Qt3 Movie Podcast: Devil

The devil in Devil doesn’t just torment people in elevators. He also makes people on podcasts yell at each other. Then we do a 3x3 of movies that traumatized us as kids, starting at the 1:02:30 mark…

This is out already? Wow. Say what you will about M. Night Shyamalan, but nobody cranks out shitty movies faster.

Well, he didn’t direct it.

Goes to show how much attention I’ve paid this, I guess.

Spoiler alert: nothing does an atheist heart gladder than listening to two grown men screaming at each other about the motives of the Devil…

That was a surprisingly great shouting match.

Spoiler Alerts -

I thought the Devil had arranged the cop to be a witness, but only for the Devil’s own ironic amusement. Not necessarily to reveal the hit & run dude to the cop. I’m cool w/ Tom’s interpretation, but as I watched, I didn’t see a divine hand at play.

As for Jankowski’s confession at the end, vis a vis the loophole, I figured the crux was not only that he confessed, but that he was offering to sacrifice himself to save the not-yet-dead twist-chick.

As it’s trucking along, the movie obviously wants you to think the Devil has arranged everything, but I keep coming back to my question: Why does the Devil want the cop present if He’s just going to kill the veteran dude before he confesses? What purpose does it serve to have this cop watch a man die without understanding the significance of who that guy is? Why would the devil settle for ironic amusement instead of tormenting someone? It’s almost like they’re setting it up so that the cop is supposed to kill the veteran dude, but that doesn’t make much sense considering how the Devil thought He was going to kill the veteran dude in the elevator.

I’m open to the idea that maybe there’s a reason I missed, or even that the script is just a big fat mess and my interpretation is just a happy accident. But if you look at a) the opening dialog the cop has with his sponsor about forgiveness, b) the narrator’s coda about how the moral of the story isn’t that the Devil wins, but that by believing in the Devil we also know God is real, and c) every other M. Night Shymalian movie that ends with “God did it”, then I think I’ve got a pretty strong case.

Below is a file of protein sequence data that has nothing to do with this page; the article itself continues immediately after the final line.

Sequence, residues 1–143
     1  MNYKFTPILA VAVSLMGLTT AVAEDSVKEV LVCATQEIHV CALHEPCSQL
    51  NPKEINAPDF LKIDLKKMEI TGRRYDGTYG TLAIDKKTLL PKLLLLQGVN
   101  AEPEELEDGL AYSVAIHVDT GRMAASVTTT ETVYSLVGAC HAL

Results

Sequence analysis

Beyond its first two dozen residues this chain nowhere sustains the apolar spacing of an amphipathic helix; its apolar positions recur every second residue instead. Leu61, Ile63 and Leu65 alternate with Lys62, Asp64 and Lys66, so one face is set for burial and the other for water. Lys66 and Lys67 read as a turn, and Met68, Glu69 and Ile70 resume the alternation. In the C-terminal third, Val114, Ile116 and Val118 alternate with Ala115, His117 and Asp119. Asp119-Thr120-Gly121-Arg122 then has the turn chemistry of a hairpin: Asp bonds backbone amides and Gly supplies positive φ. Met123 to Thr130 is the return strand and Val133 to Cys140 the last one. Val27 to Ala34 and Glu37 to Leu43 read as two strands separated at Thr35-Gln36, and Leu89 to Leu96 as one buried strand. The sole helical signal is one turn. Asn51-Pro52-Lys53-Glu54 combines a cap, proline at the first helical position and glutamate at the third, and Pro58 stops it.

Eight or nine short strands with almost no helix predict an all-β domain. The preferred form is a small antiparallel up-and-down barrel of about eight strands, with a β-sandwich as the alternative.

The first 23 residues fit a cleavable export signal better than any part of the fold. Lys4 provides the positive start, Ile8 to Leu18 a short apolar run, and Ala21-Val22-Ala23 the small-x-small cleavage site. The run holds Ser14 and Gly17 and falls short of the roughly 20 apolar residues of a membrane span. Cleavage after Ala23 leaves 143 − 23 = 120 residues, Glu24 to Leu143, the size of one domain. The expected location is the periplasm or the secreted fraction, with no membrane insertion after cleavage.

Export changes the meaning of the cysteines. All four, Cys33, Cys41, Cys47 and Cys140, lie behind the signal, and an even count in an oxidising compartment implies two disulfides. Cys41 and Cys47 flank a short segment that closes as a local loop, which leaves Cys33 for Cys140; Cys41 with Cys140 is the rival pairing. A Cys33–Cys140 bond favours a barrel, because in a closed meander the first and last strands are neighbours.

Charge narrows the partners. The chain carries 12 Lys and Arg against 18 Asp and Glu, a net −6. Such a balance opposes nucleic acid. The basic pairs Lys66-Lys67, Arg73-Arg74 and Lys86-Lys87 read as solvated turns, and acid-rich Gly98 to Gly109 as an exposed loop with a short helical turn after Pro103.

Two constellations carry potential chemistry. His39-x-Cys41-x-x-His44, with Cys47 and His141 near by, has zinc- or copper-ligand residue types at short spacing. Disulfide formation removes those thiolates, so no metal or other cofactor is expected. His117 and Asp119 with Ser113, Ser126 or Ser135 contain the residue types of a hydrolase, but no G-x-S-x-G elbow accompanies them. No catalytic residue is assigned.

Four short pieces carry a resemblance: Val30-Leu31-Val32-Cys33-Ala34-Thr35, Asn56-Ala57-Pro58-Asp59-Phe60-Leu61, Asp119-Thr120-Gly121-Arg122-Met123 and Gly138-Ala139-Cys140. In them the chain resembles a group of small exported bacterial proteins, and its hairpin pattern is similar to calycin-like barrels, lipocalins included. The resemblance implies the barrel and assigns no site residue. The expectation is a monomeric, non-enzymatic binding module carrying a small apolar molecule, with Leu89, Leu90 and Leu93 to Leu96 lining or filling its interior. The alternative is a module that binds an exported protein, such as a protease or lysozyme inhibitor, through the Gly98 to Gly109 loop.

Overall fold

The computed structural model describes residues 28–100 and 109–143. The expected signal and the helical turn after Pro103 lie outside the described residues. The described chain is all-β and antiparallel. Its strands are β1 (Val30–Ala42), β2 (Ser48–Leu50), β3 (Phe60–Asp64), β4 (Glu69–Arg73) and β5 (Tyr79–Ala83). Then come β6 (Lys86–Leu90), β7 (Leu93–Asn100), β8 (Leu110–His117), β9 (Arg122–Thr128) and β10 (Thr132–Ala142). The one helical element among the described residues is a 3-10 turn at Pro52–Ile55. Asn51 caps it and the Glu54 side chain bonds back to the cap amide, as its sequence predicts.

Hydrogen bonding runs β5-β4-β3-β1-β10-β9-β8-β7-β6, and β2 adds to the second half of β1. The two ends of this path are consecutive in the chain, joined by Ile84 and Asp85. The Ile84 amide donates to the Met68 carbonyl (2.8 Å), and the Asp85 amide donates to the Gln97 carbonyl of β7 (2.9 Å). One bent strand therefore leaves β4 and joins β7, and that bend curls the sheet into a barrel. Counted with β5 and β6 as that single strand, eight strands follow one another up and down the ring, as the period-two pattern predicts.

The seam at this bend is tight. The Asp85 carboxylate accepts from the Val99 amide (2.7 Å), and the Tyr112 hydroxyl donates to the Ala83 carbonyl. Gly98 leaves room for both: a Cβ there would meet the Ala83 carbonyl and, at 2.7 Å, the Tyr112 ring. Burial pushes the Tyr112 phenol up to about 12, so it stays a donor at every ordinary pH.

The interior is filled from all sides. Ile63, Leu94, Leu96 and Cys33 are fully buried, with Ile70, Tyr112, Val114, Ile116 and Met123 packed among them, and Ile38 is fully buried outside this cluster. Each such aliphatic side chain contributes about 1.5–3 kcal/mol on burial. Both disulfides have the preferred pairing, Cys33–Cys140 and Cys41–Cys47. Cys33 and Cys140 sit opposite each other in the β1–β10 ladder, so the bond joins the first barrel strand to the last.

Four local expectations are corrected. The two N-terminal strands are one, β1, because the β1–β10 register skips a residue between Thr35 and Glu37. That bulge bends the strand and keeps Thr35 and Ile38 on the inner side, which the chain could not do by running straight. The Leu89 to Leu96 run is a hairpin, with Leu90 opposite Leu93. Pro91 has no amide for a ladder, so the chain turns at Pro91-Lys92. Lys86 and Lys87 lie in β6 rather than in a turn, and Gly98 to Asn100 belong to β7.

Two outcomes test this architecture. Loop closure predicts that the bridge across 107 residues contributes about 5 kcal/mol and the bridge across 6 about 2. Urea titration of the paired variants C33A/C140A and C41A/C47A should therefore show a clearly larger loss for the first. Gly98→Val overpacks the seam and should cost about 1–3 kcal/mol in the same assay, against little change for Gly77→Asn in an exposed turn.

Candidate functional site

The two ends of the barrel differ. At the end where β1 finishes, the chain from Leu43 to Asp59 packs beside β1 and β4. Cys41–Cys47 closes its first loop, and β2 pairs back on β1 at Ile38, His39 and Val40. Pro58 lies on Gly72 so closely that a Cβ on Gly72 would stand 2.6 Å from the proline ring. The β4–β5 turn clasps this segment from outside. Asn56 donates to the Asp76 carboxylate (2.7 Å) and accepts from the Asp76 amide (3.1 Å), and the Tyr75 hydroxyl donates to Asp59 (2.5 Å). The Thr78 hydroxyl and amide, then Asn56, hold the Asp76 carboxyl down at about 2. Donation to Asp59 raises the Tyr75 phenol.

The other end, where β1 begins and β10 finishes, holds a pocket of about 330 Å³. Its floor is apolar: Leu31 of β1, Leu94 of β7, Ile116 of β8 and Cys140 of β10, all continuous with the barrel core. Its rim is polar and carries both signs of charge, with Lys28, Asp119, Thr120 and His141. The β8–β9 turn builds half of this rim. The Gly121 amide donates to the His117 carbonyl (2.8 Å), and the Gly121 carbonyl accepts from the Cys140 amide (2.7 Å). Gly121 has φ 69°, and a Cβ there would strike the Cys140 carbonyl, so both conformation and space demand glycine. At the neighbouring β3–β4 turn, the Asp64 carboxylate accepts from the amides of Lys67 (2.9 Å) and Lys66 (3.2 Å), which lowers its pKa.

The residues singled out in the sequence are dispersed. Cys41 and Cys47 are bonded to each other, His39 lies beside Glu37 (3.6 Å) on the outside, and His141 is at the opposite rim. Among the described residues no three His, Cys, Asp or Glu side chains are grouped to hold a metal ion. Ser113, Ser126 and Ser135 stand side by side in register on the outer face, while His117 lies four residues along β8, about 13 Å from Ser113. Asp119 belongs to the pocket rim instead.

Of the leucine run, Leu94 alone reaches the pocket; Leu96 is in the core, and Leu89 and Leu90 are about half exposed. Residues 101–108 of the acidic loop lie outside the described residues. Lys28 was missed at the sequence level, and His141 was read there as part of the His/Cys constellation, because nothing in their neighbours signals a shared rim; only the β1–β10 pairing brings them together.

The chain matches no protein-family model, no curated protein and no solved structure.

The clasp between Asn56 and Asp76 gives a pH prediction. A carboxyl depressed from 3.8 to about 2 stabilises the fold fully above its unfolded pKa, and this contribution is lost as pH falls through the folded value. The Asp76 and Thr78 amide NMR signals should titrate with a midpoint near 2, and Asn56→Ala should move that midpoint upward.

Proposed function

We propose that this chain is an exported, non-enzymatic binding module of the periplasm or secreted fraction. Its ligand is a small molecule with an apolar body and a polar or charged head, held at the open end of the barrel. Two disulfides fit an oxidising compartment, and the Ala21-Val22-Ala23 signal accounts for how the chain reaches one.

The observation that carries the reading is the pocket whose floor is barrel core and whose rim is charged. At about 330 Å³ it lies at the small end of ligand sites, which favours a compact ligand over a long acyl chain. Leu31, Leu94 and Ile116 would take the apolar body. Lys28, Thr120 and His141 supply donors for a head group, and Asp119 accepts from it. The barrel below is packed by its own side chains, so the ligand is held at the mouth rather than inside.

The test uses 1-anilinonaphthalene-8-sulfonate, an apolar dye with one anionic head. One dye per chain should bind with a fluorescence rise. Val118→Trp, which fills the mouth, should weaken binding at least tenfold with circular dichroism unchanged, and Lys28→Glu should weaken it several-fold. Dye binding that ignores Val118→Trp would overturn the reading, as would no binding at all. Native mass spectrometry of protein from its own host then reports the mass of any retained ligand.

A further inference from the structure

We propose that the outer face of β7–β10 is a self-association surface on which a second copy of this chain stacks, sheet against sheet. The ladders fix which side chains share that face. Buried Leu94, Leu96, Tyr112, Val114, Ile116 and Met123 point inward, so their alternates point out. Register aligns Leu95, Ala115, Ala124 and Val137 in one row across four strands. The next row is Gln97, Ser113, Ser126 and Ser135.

Plus, hundreds of years of folklore, Job, interesting, argh, blargh, yarrr, rarrrr!


Hell if I know what’s going through that wacky Devil’s mind. The divine hand at work angle certainly tightens up the plot. I WANT to believe… in the divine plot twist.

The cop used the experience to better his own life. Embracing forgiveness, re-discovering faith, he snatched victory from de-hooven-feet of the Devil. In that respect, it’s a win for God even if He wasn’t at work in this scenario. Frankly, I can see it either way. Shyamalan only knows.

Also, while I didn’t share Murawski’s criticisms, his Job point was on…point. The Devil wants to corrupt, so going after ‘good’ folks and getting them to turn to the dark side seems way juicier than tormenting the damned on Earth before he gets to torment them forever in Hell, or however that goes.

What I think:

Think of the nature of God vs Devil gameplay, gamesmanship over souls. This is simply an episode of that playing out. These are people who are in fact with one foot in Hell, with this last chance to get out of it.